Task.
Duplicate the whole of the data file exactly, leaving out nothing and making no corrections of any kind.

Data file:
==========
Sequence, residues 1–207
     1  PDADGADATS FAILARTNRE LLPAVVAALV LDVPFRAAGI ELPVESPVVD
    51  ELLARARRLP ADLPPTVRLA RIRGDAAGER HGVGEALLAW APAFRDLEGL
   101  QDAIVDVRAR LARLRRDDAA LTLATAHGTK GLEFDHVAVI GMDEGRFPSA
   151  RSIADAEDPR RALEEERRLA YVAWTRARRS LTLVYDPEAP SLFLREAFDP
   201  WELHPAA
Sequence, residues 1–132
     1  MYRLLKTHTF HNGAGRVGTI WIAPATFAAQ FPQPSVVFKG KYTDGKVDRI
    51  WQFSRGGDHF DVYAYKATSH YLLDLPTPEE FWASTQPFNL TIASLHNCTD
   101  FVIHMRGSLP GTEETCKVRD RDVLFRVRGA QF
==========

Sequence, residues 1–207
     1  PDADGADATS FAILARTNRE LLPAVVAALV LDVPFRAAGI ELPVESPVVD
    51  ELLARARRLP ADLPPTVRLA RIRGDAAGER HGVGEALLAW APAFRDLEGL
   101  QDAIVDVRAR LARLRRDDAA LTLATAHGTK GLEFDHVAVI GMDEGRFPSA
   151  RSIADAEDPR RALEEERRLA YVAWTRARRS LTLVYDPEAP SLFLREAFDP
   201  WELHPAA
Sequence, residues 1–132
     1  MYRLLKTHTF HNGAGRVGTI WIAPATFAAQ FPQPSVVFKG KYTDGKVDRI
    51  WQFSRGGDHF DVYAYKATSH YLLDLPTPEE FWASTQPFNL TIASLHNCTD
   101  FVIHMRGSLP GTEETCKVRD RDVLFRVRGA QF